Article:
Has life as of late felt like life in the valley for you? Have you been feeling fearful of what the future might hold – individually and as a faith community? Have you ever felt like giving up? Have you ever felt as though all hope was lost? All these

questions and feelings are valid. But today I want to invite us to plant ourselves in the valley.
Often, I hear people tell me that they are struck by how much terror and violence and sadness there are in many of the stories from the Hebrew Scriptures. But I think that it is so important to remember that these stories very much reflect the human experience. They represent experiences that many of us have today. They represent a reality of struggles, hopelessness, fear, anxiety, and sadness that many of us live every single day. They represent life in the valley.
And yet these stories also remind us that amid the normal struggles of life – the struggles that Israel faced thousands of years ago and the struggles that we all face today – that we are not alone – that God is present and that God’s love illuminates. And we face the journey together.
Several years ago, the United Church of Christ launched a campaign using the slogan, “No matter who you are or where you are on life’s journey, you are welcome here.” I was reminded of that slogan when I read this passage because it made me think about our church community and the different places that people come from when they gather.
We all come to church from different backgrounds –different community backgrounds, different familial backgrounds, and different educational backgrounds. Because of this we see and experience and react to things differently. But there is great beauty in these differences. And there is beauty in the community of Parkminster that is thriving. This is a place of wild hope. In the valley we are invited once more to discover who we are meant to be not just as a community of faith, but as children of God.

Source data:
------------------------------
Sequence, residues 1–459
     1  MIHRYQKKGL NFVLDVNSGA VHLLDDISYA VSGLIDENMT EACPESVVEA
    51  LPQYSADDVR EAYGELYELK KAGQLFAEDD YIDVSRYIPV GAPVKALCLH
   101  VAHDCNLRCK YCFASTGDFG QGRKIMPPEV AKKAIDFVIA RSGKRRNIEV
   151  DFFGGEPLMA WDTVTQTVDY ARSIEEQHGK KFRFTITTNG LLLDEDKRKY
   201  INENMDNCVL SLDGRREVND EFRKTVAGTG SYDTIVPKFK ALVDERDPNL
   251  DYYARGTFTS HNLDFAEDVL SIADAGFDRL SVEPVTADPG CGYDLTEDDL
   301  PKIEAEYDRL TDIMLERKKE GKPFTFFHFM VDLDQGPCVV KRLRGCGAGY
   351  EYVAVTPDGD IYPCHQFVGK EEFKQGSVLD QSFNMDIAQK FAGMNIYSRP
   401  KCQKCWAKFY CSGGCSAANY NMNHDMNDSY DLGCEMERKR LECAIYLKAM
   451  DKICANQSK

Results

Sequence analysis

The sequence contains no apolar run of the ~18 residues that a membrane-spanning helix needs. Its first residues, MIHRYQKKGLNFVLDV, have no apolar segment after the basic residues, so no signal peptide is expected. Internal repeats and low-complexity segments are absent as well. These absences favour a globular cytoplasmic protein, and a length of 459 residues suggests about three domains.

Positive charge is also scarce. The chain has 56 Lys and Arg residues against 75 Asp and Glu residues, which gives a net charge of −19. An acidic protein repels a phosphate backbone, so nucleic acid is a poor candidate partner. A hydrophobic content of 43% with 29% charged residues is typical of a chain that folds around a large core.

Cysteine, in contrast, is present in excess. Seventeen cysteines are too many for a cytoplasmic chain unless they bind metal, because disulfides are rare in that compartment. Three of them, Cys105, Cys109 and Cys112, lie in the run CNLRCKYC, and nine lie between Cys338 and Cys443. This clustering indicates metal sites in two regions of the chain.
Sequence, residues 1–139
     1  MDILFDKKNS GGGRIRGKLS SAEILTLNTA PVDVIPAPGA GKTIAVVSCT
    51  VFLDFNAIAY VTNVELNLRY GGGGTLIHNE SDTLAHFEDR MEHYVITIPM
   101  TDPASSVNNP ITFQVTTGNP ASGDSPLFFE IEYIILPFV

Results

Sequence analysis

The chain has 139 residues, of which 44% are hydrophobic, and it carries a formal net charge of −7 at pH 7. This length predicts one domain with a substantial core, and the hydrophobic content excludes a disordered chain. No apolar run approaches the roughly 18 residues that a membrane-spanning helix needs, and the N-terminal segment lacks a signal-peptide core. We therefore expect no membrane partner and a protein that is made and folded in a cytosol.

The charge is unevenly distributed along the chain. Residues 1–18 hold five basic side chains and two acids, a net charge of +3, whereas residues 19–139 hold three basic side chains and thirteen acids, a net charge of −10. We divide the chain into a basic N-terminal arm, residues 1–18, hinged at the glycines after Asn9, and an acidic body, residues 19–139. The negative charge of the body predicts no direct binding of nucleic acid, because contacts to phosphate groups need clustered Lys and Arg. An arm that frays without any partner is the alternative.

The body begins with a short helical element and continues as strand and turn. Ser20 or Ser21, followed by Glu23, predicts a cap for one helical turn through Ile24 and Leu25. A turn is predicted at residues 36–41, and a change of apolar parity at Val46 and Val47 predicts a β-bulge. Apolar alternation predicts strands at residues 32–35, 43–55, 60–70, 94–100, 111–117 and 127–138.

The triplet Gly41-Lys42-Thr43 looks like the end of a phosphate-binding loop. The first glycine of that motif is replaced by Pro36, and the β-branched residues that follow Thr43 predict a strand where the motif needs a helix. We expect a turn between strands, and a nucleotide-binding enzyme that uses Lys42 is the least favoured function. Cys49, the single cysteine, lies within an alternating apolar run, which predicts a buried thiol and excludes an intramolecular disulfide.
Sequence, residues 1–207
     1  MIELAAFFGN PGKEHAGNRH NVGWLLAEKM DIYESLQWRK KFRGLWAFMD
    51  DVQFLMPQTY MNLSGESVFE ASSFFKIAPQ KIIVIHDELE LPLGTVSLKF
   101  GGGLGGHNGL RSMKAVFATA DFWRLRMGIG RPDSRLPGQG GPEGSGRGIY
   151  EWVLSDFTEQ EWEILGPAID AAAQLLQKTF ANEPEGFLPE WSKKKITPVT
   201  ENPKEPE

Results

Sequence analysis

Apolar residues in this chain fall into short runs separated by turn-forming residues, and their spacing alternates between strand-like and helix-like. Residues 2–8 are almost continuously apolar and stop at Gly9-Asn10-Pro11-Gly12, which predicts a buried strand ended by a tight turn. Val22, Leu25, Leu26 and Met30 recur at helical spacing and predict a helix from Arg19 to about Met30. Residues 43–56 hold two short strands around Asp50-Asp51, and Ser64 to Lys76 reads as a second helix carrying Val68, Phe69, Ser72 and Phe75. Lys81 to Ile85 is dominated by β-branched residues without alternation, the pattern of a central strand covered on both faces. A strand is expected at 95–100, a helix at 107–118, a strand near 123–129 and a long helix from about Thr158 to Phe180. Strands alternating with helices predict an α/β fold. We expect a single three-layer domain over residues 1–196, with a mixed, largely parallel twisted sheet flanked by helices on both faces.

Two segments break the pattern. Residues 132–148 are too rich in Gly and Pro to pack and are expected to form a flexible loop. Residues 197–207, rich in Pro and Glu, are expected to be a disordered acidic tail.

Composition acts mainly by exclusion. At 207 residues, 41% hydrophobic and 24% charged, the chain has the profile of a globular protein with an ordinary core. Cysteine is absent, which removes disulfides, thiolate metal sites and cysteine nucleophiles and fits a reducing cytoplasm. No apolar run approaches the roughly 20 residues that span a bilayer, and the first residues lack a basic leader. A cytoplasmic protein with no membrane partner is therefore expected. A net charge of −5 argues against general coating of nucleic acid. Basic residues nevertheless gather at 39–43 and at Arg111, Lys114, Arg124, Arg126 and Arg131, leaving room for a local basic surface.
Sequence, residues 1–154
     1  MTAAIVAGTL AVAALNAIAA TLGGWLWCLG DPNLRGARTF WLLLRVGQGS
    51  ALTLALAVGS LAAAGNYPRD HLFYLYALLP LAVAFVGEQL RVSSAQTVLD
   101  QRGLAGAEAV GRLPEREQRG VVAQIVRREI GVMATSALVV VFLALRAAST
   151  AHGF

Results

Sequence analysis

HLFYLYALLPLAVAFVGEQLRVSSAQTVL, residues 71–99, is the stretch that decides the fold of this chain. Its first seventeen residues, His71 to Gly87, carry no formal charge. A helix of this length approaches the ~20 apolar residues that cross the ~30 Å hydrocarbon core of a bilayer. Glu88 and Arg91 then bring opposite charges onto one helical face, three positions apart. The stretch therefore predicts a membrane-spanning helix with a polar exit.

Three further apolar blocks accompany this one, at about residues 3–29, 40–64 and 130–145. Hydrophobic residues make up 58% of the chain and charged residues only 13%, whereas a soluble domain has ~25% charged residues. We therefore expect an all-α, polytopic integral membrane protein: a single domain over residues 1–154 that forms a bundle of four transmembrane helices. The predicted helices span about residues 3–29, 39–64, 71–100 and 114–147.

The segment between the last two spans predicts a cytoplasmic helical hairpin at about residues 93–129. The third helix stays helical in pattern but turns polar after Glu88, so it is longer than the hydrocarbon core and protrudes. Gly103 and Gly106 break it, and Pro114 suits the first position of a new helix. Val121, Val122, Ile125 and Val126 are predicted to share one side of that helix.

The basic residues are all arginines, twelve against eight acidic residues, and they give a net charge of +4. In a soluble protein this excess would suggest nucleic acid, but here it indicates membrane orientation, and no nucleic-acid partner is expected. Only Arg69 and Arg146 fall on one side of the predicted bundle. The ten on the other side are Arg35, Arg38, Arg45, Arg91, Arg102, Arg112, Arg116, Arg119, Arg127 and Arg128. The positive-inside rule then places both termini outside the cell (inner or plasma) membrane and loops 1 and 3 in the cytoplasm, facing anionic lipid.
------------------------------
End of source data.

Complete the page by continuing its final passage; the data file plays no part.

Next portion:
Because the world needs your voice. The world needs our voices. Rates of loneliness, suicide, and mental illness are rising at alarming rates. The longing in our society for hope, connection and meaning is growing at a feverish rate. We are being invited into a time of transformation at personal, congregational, and even denominational levels. This means taking account of what is no longer serving us and holding fast to what does. To remember that each of us is beloved of God. Because we believe that God is faithful – and we believe in one another – and we know that we can make a difference in the lives of our community – and in the world.

Friends, we join together as a community of faith, not because it is the thing to do, but because it is something that we need to do. We need to come together to serve and to learn, but also to heal one another and to heal ourselves. We come together and through worship and song and prayer and service and action, we peel away the shadows, we bathe in the fertilizer of the valley, and work together to step ever closer to a great transformation.
There may be shadows, but we will see a brilliant light. We will come together as a church to offer wild hope, compassion, and justice; to ourselves and to one another, to our community and to our world:
“But there will be no more gloom
for the land that was in anguish!
The people walking in darkness
are seeing a brilliant light—
upon those who dwell in a land of deep shadows
light is shining!
For the yoke that burdened them,
the weight on their shoulders,
the rod of their oppressors—
you have shattered it,”
Beloveds of God. Fear not. You are not alone. You are loved. It’s precisely now, now when the world around us feels the most apocalyptic, that we must respond with resilience, courage, and truthful, unflinching witness. So Parkminster, let us dwell in the valley that leads us to the great transformation and let us do so always with wild hope. Thanks be to God. Amen.

Rev. Heather Power
With deep gratitude to Betty Pries whose course and words inspired so much of this reflection.